“The electoral gods could well be shining on Conservative Party leader Colin Craig.” So says the NZ Herald, in reporting on the new constituency boundary proposals in advance of the 2014 New Zealand general election. Auckland’s North Shore region could obtain a new seat, and it could be favorable Conservative territory.
If the National Party were to nominate a “low-profile” candidate in the electorate, and wink and nod in Craig’s direction, the Conservatives might make it into the next parliament, and be a potential post-electoral ally for the Nationals.
In the campaign for the November, 2011, election, Craig and his party had signs like this up in many locations (this one was in Christchurch; there was also a huge one in downtown Wellington). The “every vote counts” slogan and the plea for party (list) votes both depended on the assumption that Craig would win his own district race. The party ended up with barely more than half the vote share it would have needed nationwide to get any seats if Craig did not win his contest: 2.65%, where the list-vote threshold is 5%. But once a party wins an electorate, it earns its full proportional share based on the list votes, even if that is below 5%; in this case, indeed, every (list) vote counts.
Craig put up a credible showing for a minor party that lacked a de-facto deal with a major party, winning 20.9% and second place in the Rodney electorate. That his vote was that high suggests there were indeed voters in this small-c conservative electorate splitting in his favor to try to get the Conservative Party represented. His vote was 3.27 times that of his party in the electorate, whereas National’s candidate’s vote was only 0.85 that of the National list. (The candidates of the right-wing Act, a National ally, and of New Zealand First also ran well behind their party in Rodney, although their votes were paltry, while the candidates of Labour and Greens ran about even with their own parties.) Had National put up a weak candidate, Craig might have won the electorate; in that case, the Conservative Party list-vote share could have been sufficient for three seats (Craig, plus two from the list).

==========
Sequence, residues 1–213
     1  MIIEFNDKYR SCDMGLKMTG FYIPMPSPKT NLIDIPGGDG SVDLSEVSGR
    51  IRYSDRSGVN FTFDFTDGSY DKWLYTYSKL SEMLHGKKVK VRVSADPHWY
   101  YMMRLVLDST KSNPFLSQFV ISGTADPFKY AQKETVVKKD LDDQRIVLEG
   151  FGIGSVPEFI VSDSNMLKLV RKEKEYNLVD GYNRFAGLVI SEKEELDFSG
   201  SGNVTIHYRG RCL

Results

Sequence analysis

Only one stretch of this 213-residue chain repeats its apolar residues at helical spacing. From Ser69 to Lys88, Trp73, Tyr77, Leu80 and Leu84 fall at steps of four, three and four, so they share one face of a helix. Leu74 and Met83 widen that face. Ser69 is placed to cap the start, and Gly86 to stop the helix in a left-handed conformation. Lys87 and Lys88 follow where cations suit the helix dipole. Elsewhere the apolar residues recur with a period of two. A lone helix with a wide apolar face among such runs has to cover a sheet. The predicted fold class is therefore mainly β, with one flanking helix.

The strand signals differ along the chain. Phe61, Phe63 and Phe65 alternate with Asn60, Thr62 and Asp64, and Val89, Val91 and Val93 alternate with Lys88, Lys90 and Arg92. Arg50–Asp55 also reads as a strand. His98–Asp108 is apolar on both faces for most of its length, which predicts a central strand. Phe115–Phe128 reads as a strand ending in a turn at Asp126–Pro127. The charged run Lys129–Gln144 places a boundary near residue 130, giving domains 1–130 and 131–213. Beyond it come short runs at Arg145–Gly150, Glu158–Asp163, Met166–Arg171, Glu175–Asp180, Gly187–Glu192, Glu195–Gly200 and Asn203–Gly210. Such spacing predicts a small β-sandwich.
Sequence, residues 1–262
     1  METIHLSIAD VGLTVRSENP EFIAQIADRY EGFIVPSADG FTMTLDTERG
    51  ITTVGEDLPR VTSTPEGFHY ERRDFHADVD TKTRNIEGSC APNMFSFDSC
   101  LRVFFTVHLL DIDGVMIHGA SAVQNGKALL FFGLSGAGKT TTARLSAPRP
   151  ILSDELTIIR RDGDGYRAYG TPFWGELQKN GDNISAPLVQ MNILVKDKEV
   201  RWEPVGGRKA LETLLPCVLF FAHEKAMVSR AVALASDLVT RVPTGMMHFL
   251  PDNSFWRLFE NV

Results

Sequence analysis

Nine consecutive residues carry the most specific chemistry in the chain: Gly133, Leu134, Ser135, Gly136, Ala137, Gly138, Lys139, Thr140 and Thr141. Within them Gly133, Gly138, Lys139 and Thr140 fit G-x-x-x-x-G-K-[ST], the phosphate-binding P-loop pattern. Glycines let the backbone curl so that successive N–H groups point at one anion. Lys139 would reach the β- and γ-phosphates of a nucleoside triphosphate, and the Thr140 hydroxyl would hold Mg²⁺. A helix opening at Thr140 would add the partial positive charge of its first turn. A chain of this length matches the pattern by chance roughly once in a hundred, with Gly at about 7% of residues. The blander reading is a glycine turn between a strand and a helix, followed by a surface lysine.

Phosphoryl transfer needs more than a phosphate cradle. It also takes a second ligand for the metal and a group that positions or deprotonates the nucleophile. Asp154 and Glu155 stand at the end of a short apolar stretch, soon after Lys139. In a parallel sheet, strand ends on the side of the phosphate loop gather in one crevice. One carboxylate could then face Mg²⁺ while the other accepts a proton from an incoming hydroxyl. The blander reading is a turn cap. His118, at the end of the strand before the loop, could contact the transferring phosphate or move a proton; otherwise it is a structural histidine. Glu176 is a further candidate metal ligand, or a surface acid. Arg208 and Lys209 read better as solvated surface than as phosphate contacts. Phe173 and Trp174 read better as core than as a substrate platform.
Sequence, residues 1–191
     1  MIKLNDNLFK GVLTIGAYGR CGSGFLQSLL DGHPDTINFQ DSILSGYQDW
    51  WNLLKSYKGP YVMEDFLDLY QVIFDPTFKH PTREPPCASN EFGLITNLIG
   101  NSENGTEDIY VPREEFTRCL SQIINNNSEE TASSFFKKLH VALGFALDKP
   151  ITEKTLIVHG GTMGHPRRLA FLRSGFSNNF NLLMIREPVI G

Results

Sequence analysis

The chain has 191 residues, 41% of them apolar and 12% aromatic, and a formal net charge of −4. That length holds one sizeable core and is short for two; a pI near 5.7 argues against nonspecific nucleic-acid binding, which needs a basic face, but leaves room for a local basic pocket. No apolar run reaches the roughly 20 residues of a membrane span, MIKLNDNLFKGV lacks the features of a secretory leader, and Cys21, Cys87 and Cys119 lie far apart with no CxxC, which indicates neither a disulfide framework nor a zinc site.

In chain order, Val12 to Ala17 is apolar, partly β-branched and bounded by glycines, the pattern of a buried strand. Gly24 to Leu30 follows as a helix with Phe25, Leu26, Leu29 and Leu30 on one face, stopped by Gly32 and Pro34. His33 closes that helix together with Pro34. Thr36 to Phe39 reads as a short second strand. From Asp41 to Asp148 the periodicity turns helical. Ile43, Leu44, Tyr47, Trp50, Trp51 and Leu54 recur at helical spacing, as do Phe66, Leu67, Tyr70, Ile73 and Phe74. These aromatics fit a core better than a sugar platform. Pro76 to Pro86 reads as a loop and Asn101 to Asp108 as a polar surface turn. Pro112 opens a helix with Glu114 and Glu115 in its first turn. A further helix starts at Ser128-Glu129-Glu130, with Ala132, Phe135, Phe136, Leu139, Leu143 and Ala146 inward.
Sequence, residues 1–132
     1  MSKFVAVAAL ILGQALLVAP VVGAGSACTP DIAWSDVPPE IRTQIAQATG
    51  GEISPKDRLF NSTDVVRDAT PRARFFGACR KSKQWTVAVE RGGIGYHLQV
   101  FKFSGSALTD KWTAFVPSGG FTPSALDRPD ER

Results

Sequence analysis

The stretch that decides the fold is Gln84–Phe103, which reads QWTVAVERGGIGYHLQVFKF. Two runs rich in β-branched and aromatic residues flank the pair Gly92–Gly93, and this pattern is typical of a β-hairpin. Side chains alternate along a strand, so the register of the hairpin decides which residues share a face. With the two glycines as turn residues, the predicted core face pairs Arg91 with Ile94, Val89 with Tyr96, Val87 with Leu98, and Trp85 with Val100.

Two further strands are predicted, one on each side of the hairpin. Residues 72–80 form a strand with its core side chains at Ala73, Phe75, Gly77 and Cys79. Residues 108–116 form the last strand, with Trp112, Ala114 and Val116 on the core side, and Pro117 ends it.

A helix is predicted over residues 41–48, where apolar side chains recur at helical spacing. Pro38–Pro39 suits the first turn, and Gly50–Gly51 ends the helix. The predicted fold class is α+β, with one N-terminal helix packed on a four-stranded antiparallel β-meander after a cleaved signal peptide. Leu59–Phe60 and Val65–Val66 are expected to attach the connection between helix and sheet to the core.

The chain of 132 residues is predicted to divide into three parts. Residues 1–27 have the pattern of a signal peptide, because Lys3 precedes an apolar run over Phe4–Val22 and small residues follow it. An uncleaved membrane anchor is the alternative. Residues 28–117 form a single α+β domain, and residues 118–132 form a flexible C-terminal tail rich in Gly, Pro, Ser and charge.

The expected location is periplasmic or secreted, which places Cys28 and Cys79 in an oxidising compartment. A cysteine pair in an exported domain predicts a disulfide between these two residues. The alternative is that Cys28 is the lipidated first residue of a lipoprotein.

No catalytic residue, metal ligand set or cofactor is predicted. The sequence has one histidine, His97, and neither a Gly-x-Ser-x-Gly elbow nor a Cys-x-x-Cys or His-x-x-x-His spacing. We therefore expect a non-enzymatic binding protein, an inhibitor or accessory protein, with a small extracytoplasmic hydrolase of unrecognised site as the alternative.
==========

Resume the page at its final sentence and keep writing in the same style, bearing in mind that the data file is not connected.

Given that two of its current allies have only one seat apiece (United Future and Act), and may not make it back in, National is in need of allies if it is to hope to retain power after the next election. No wonder the National government did not want to dispense with the single-electorate alternative threshold as proposed by the Electoral Commission in the MMP Review. (The Commission also proposed reducing the list threshold to 4%.) National needs allies like this, lacking allies assured of clearing 5% of the party vote like Labour’s potential allies, Green and (probably) New Zealand First. And Craig and his Conservatives look like a better bet to win multiple seats than United Future and Act–provided Craig has a winnable electorate in 2014. Moreover, as the NZ Herald article notes, Conservatives might even reach 4% if voters expected Craig to be elected, increasing the perception around the country that, indeed, every vote for the Conservative list counts.